Sachant que la duree recommandee d'utilisation est de toute facon de 10 minutes, on ne peut que conclure qu'une utilisation raisonnable est a priori sans danger.

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25 avril 2011 1 25 /04 /avril /2011 03:44

Je decouvre par mes collegues et amies que les gynecos recommandent unanimement un regime absolument draconien pendant la grossesse. Ainsi, la consommation de caffeine serait prohibee sur la base d'une serie d'etudes dont la plus recente, parue dans Am J Obstet Gynecol une revue d'obstetrique, indique tiedement qu'il serait prudent de reduire ou d'arreter les apports en caffeine pendant la grossesse. ("…it may be prudent to stop or reduce caffeine intake during pregnancy.").

 

En regardant de plus pres sur PubMed, on trouve rapidement un commentaire dans le meme journal qui retorque qu'en fait, rien ne permet de conclure: "To date, the literature is still inconclusive regarding the influence of caffeine on miscarriage."

 

Au moins deux autres articles recents critiquent les conclusions des etudes sur le sujet, dont la methodologie ne permettrait simplement pas de conclure dans un sens ou dans l'autre (en particulier  parce qu'il est difficile de separer le facteur "caffeine" d'autres facteurs de risque bien plus influents pour les fausse-couches, tels que l'age, le fait de fumer ou de consommer de l'alcool pendant la grossesse) - mais bon, par precaution on va plutot dire que c'est dangereux que le contraire.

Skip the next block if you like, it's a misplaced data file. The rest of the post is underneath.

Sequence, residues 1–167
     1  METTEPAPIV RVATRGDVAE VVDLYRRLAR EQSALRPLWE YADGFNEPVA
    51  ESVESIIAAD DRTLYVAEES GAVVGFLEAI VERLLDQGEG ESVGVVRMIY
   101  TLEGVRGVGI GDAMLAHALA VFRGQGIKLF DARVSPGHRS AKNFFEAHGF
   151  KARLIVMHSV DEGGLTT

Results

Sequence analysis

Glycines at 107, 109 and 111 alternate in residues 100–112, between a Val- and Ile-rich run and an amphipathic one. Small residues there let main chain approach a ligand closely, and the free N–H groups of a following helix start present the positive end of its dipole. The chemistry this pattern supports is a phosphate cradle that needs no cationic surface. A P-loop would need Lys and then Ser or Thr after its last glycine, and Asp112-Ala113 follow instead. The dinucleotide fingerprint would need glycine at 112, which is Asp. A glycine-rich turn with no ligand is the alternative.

Par ailleurs, sur la base de ces fameuses etudes, Sante Canada preconise de limiter les apports de caffeine pendant la grossesse a 300mg par jour maximum, ce qui d'apres leur tableau d'equivalence correspond a 2.5 litres de the vert par jour - pas de quoi se priver beaucoup quand meme.

En clair, ce pataques me rapelle quelque chose (cliquer sur la planche pour la voir en grand chez PhD comics): 

  http://www.phdcomics.com/comics/archive/phd051809s.gif